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Zidovudine for the prevention of vertical HIV transmission: a decision analytic approach.
Rouse DJ, Owen J, Goldenberg RL, Vermund SH
(1995) J Acquir Immune Defic Syndr Hum Retrovirol 9: 401-7
MeSH Terms: Decision Support Techniques, Female, HIV Infections, Humans, Infectious Disease Transmission, Vertical, Pregnancy, Pregnancy Complications, Infectious, Risk Factors, Zidovudine
Show Abstract · Added March 5, 2014
The purpose of this study was to quantify the benefits of maternal-neonatal zidovudine (ZDV) administration for the prevention of vertical human immunodeficiency virus (HIV) transmission against the potential risks of drug-induced complications in uninfected children. A decision analysis model was created with use of a Markov cohort simulation, for evaluating both survival and quality of life for two hypothetical cohorts of HIV-exposed neonates: one with in utero and neonatal exposure to preventive ZDV therapy and the other not exposed. The model included the probability of congenital HIV infection with and without ZDV treatment (estimates derived from AIDS Clinical Trials Group study 076), the yearly probability of death with and without congenital HIV infection, a range of probabilities of adverse effects from ZDV use, and a range of ages in life when any adverse effect would manifest. In a series of scenarios, the impact of different estimates for the quality-of-life decrement from any adverse ZDV effect in HIV-uninfected children was assessed, and threshold values for this estimate were established, i.e., critical values below which withholding ZDV would be the preferred choice. Across a wide range of estimates for multiple contingencies, ZDV use was associated with a greater number of quality-adjusted life years than was non-use. Only in implausible, pessimistic scenarios (i.e., a high incidence of profound adverse effects beginning early in life) would withholding ZDV be the rational choice for an asymptomatic HIV-infected pregnant woman.(ABSTRACT TRUNCATED AT 250 WORDS)
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9 MeSH Terms
National AIDS incidence trends and the extent of zidovudine therapy in selected demographic and transmission groups.
Rosenberg PS, Gail MH, Schrager LK, Vermund SH, Creagh-Kirk T, Andrews EB, Winkelstein W, Marmor M, Des Jarlais DC, Biggar RJ
(1991) J Acquir Immune Defic Syndr (1988) 4: 392-401
MeSH Terms: Acquired Immunodeficiency Syndrome, African Americans, Blood Transfusion, Cohort Studies, European Continental Ancestry Group, Female, Hemophilia A, Hispanic Americans, Homosexuality, Humans, Incidence, Los Angeles, Male, New York, San Francisco, Sexual Behavior, Substance Abuse, Intravenous, United States, Urban Population, Zidovudine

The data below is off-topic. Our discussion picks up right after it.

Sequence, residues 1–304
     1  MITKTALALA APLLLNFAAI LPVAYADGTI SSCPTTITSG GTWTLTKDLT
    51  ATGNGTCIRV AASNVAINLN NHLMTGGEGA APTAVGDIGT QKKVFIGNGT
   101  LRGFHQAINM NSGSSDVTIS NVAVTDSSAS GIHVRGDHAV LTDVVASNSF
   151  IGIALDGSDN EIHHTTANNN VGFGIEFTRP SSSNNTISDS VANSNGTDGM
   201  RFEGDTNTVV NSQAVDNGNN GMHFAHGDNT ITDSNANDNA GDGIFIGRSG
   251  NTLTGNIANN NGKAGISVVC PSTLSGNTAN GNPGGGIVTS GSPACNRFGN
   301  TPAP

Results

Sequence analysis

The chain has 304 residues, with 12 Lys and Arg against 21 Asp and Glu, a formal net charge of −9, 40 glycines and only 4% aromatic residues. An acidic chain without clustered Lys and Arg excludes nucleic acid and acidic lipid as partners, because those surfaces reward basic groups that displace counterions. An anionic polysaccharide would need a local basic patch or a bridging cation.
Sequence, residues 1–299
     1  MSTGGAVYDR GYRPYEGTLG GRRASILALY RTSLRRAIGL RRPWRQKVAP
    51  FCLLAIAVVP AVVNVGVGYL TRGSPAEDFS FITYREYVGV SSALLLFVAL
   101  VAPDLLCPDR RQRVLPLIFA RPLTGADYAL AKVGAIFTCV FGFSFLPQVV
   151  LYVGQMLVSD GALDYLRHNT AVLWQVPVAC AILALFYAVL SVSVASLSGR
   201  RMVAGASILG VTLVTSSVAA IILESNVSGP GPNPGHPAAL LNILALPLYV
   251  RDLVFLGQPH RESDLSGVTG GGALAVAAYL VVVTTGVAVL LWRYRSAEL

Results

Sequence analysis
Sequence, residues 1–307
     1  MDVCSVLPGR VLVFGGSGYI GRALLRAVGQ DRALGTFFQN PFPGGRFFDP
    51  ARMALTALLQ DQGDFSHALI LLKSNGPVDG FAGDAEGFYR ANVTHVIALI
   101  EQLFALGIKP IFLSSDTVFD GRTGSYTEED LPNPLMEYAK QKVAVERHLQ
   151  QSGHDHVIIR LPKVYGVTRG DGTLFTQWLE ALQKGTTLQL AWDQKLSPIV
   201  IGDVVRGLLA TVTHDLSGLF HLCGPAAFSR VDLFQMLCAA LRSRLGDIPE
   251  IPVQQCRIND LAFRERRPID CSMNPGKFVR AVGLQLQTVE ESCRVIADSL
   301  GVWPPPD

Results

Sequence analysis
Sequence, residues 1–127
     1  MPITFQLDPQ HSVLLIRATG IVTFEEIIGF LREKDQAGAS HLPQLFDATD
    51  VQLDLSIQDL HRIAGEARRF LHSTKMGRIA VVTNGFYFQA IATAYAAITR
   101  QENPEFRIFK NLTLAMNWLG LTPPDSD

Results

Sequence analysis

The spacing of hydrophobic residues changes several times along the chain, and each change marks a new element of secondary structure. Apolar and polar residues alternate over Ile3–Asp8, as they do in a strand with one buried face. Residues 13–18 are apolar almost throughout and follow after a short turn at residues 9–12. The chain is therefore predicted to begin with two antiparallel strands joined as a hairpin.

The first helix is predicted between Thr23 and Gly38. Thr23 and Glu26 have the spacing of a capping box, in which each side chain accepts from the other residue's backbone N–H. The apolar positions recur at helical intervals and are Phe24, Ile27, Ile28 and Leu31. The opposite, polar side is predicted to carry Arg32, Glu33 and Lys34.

Show Abstract · Added March 5, 2014
After mid-1987 fewer than the expected number of cases of AIDS were reported in the United States in some demographic and transmission groups but not in others. Gay men (regardless of intravenous drug use), adults with hemophilia, and transfusion recipients exhibited fewer cases than expected based on previously reliable models. These favorable trends could not be explained by assuming earlier cessation of human immunodeficiency virus (HIV) infection. Favorable AIDS incidence trends were not found in heterosexual intravenous drug users or in persons infected through heterosexual contact. White gay men from New York City, Los Angeles, and San Francisco experienced markedly favorable trends, whereas little changes was observed for nonwhite gay men from nonurban areas. AIDS incidence trends were quantitatively consistent with the fraction of AIDS-free persons with severe immunodeficiency who received zidovudine in three cohorts. Gay men in San Francisco used zidovudine more frequently than did adults with hemophilia, while little was used by intravenous drug users in New York City. Data describing the initial national distribution of zidovudine (March 31-September 18, 1987) indicated relatively high use by patients with severe immunodeficiency in those groups, such as urban white gay men, that subsequently experienced fewer cases of AIDS than expected. Available data suggest that zidovudine, perhaps in combination with other therapies, has been one factor contributing to favorable AIDS incidence trends in some groups. Broader application of therapy might further retard the incidence of AIDS, especially in intravenous drug users, persons infected through heterosexual contact, minorities, women, and persons diagnosed outside major metropolitan areas.